Pulmonary parenchymal disease, so-called rheumatoid lung, has been reported in seven cases of RF-positive polyarthritis. Two types of pulmonary involvement have been reported: lymphoid interstitial pneumonitis, and bronchiolitis obliterans or bronchiolitis obliterans organizing pneumonia (BOOP). These pulmonary complications may occur during childhood and adolescence or in adulthood. The time interval between the clinical presentation of pulmonary disease and onset of JIA has ranged from 10 years before to 20 years after onset of JIA. Symptoms include tachypnea, dyspnea, a nonproductive cough, and fever. On auscultation, crackles and an end-inspiratory squeak are often heard. Diagnosis is based on clinical history and findings, pulmonary function tests, chest radiographs, and high-resolution computed tomography (HRCT). Bronchoalveolar lavage and/or lung biopsy may be necessary. Pulmonary function tests show reduced lung volumes and decreased diffusion capacity. A restrictive pattern is seen when interstitial pneumonitis is present, and an obstructive pattern is seen in BOOP. Chest radiographs may be normal or may show interstitial infiltrates. HRCT abnormalities include ground glass changes suggesting inflammation, bronchiectasis, or bronchiolectasis (suggesting BOOP), and honeycombing (suggesting fibrosis). The differential diagnosis includes drug-induced pulmonary toxicity and infection. The prognosis of rheumatoid lung is variable in children and adolescents. Although a few patients have improved with corticosteroid therapy, others have deteriorated despite corticosteroid and immunosuppressive therapy.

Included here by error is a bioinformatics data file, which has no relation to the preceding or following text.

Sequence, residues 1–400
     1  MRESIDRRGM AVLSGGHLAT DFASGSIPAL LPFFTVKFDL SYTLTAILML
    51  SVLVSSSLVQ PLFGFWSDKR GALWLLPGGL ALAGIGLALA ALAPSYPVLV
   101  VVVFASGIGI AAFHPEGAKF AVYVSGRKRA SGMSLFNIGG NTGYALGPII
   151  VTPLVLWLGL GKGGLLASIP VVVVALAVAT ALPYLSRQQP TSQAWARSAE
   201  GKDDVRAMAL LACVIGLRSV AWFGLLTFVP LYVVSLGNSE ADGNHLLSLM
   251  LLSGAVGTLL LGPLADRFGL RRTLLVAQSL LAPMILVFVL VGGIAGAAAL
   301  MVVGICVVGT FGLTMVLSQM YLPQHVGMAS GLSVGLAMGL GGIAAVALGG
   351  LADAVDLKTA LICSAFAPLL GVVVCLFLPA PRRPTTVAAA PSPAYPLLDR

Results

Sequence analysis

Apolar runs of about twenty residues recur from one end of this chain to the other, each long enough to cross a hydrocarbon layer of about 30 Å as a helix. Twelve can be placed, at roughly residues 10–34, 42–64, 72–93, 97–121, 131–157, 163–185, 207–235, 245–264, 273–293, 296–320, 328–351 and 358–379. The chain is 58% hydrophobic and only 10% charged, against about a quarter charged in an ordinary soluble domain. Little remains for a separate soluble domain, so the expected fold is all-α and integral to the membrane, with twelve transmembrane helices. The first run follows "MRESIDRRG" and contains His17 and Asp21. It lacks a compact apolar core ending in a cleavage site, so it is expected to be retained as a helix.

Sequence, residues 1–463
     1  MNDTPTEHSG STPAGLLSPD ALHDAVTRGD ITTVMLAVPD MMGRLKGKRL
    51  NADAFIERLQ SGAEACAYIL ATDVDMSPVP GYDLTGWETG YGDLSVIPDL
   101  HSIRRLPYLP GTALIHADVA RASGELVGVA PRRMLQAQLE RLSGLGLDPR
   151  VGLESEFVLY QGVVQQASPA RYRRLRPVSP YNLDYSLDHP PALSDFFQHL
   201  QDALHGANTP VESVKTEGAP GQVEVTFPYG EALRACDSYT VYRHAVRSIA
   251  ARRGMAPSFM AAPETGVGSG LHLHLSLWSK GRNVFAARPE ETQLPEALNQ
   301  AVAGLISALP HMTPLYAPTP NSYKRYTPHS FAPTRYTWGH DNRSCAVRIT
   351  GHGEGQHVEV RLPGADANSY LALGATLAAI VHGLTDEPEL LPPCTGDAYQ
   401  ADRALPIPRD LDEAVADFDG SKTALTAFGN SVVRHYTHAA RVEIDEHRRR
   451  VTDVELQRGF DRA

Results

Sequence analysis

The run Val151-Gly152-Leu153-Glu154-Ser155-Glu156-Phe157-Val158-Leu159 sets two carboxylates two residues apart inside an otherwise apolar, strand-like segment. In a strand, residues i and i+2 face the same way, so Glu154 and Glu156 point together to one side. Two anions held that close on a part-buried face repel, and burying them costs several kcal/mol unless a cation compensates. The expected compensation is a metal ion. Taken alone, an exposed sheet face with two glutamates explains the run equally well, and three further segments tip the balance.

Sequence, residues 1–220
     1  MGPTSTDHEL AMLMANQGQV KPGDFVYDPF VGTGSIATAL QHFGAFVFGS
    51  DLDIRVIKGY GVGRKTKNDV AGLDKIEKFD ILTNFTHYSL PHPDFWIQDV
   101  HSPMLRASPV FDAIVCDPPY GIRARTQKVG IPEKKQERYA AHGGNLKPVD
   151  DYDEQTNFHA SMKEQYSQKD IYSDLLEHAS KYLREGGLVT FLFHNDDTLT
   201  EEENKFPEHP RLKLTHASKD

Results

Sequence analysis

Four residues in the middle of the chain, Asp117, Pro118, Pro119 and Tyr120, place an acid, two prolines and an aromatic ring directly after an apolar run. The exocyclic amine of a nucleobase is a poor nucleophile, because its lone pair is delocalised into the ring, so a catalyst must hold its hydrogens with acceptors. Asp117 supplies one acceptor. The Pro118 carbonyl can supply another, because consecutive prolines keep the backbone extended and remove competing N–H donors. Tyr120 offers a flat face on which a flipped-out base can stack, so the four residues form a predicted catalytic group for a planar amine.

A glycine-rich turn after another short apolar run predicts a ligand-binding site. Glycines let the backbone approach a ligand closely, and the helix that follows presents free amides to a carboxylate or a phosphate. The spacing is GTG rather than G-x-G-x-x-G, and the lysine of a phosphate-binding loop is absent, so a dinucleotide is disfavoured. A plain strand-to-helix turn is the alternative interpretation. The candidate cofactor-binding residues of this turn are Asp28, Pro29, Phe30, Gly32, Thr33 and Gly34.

The differential diagnosis of polyarthritis is discussed above. Specific diagnoses to be considered in the context of RF-positive polyarthritis are connective tissue diseases, reactive arthritis, and infections, in which polyarthritis and a positive test for RF may occur concurrently. Among the connective tissue diseases, SLE and overlap syndromes, including mixed connective tissue disease, are diagnostic considerations in the child or adolescent with polyarticular arthritis who has a positive test for RF. RF is positive in 10% to 30% of children with SLE and in approximately 66% of children with mixed connective tissue disease. RF may be present in cases of acute rheumatic fever. Tuberculosis and subacute bacterial endocarditis can be associated with arthritis accompanied by a positive test for RF.
Indicators of Inflammation
These are identical to those in RF-negative polyarthritis discussed earlier.